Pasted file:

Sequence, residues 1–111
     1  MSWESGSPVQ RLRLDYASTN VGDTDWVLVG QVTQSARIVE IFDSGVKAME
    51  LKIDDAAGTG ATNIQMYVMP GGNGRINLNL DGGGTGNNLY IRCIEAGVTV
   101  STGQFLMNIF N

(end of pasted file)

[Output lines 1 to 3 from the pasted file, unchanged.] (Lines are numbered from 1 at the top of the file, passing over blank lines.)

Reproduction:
Sequence, residues 1–111
     1  MSWESGSPVQ RLRLDYASTN VGDTDWVLVG QVTQSARIVE IFDSGVKAME
    51  LKIDDAAGTG ATNIQMYVMP GGNGRINLNL DGGGTGNNLY IRCIEAGVTV